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Adverse Impact


Calculating Adverse Impact

Adverse Impact Analysis is a quick and easy to use tool that can estimate adverse impact using a variety of both statistical and practical tests.  It includes tests that have been historically recommended by Federal regulators as well as cutting edge tests arising out of the latest research. 

Adverse impact is defined by the Uniform Guidelines as a substantially different rate of selection in hiring, promotion or other employment decision which works to the disadvantage of members of a race, sex or ethnic group (see Question & Answer #10).  Operationally, the Uniform Guidelines (see Section 4D) define adverse impact as:

A selection rate for any race, sex, or ethnic group which is less than four-fifths (4/5) (or eighty percent) of the rate for the group with the highest rate will generally be regarded by the Federal enforcement agencies as evidence of adverse impact, while a greater than four-fifths rate will generally not be regarded by Federal enforcement agencies as evidence of adverse impact. Smaller differences in selection rate may nevertheless constitute adverse impact, where they are significant in both statistical and practical terms or where a user's actions have discouraged applicants disproportionately on grounds of race, sex, or ethnic group. Greater differences in selection rate may not constitute adverse impact where the differences are based on small numbers and are not statistically significant, or where special recruiting or other programs cause the pool of minority or female candidates to be atypical of the normal pool of applicants from that group. Where the user's evidence concerning the impact of a selection procedure indicates adverse impact but is based upon numbers which are too small to be reliable, evidence concerning the impact of the procedure over a longer period of time and/or evidence concerning the impact which the selection procedure had when used in the same manner in similar circumstances elsewhere may be considered in determining adverse impact. Where the user has not maintained data on adverse impact as required by the documentation section of applicable guidelines, the Federal enforcement agencies may draw an inference of adverse impact of the selection process from the failure of the user to maintain such data, if the user has an underutilization of a group in the job category, as compared to the group's representation in the relevant labor market or, in the case of jobs filled from within, the applicable work force.

Four-Fifths Rule: The four-fifths rule (a.k.a. 4/5ths rule or 80% rule) is the simplest and most common way of estimating adverse impact.  It also appears to be the preferred method of enforcement agencies.  Unfortunately, it does not estimate whether or not adverse impact truly exists as accurately as one would like.  It tends to indicate adverse impact exists even when it does not (a Type I Error).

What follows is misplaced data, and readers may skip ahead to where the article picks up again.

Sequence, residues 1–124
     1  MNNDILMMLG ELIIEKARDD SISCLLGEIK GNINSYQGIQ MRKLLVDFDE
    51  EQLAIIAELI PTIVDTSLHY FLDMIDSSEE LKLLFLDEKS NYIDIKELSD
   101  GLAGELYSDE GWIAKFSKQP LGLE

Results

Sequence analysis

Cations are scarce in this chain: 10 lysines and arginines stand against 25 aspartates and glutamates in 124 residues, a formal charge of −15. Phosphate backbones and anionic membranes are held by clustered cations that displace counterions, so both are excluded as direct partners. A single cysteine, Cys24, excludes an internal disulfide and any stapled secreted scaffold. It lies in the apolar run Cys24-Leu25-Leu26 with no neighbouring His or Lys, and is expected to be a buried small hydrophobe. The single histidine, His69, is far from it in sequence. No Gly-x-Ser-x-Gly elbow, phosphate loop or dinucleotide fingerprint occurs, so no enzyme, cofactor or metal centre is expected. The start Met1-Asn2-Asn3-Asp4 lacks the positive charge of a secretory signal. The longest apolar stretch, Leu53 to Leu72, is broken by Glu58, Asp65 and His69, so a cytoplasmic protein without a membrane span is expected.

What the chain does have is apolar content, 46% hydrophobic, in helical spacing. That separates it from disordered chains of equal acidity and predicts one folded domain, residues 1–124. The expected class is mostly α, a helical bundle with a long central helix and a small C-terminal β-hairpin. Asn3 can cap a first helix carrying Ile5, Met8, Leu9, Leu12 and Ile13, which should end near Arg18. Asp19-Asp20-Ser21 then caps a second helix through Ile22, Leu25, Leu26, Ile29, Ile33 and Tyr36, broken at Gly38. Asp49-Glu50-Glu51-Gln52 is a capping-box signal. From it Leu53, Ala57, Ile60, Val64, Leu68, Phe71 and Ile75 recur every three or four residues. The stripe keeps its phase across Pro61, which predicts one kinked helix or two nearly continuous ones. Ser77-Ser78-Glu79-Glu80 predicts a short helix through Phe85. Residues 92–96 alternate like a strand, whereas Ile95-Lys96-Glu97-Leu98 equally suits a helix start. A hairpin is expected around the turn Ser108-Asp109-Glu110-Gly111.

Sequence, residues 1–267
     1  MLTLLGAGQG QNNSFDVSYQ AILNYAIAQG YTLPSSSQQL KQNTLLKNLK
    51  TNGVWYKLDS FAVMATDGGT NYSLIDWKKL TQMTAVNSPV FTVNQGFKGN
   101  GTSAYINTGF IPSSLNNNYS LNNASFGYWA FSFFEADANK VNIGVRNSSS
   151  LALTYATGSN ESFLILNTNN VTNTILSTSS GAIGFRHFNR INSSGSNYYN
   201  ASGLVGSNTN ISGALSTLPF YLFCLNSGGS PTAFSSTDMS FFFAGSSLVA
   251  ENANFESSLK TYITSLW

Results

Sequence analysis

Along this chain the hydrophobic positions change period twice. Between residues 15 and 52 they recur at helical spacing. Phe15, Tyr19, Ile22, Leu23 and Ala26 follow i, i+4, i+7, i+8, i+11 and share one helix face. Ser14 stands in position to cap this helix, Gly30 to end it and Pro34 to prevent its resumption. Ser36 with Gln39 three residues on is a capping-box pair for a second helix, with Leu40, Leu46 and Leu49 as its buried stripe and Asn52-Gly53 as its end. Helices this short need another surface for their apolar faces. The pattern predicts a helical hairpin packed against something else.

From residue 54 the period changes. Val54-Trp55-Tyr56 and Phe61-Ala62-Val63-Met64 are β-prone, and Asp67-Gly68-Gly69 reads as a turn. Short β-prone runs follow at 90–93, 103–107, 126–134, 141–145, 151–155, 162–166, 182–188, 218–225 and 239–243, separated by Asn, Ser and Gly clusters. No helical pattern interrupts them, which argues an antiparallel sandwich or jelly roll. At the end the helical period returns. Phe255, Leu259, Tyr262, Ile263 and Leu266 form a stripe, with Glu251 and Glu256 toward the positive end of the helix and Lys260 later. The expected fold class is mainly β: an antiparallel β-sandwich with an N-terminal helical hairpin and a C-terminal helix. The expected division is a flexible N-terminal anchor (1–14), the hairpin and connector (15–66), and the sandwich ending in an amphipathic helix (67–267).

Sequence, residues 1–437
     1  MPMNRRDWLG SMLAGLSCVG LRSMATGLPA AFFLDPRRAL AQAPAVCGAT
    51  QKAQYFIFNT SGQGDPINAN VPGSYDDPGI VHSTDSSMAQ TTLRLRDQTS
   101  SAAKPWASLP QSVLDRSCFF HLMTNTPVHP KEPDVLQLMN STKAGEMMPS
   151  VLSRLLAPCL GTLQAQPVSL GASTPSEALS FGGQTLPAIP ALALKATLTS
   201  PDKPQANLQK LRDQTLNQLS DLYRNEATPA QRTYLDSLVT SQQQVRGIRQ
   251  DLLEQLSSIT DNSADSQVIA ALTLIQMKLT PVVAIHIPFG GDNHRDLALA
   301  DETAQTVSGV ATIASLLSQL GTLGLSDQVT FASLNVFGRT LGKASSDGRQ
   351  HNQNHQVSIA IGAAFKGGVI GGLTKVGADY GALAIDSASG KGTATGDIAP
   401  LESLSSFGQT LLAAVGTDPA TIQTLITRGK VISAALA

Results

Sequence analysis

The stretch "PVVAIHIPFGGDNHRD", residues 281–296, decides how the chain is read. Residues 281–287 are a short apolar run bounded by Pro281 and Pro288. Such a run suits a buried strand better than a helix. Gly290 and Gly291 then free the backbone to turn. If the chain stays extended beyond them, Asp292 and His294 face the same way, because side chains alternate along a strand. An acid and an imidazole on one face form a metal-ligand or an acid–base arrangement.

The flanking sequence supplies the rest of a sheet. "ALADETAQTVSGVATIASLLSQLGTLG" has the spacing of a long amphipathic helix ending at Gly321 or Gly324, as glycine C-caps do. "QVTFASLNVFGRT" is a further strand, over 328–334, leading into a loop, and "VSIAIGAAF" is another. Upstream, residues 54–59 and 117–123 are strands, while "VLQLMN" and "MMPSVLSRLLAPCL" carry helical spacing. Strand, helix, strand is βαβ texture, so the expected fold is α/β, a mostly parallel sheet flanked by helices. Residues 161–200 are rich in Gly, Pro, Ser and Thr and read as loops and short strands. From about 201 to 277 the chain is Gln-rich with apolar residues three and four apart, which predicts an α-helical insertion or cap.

Statistical Tests: Statistical tests are designed to control Type I error (i.e., the error of determining adverse impact exists even when it does not).  However, statistical tests are most accurate when the sample is relatively large and balanced.  This is often not the case in adverse impact analyses since they are comparing majority vs. minority groups and the number of hires are typically not very large.  Although statistical test can control or avoid the error of indicating adverse impact exists even when it does not, statistical tests tend to make the opposite error - indicating adverse impact does not exist when, in fact, it does (a Type II error).

Practical Tests: These tests help guide decisions regarding the existence of adverse impact when samples are small.  They help balance the error associated with the 4/5ths rule and the limitations of statistical test as a result of small samples.

The four-fifths rule (or impact ratio) and statistical tests often do not indicate the same end result.  When sample sizes are smaller (which is often the case in the context of adverse impact calculations), the 4/5ths rule is more likely to indicate adverse impact exists than statistical tests are.  This often results in defendants arguing that statistical tests are more appropriate and that the impact ratio should be ignored because it is prone to Type I error whereas plaintiffs will argue that the 4/5ths rule should be used and that statistical tests should be ignored because they have low power and are prone to Type II error.  In situations such as this, it is important to consider the strengths and weakness of all methods as well as the probability of Type I and Type II error.

Adverse Impact Analysis is a very simple and easy to use tool that can calculate adverse impact using the four-fifths rule, statistical tests, and practical tests.


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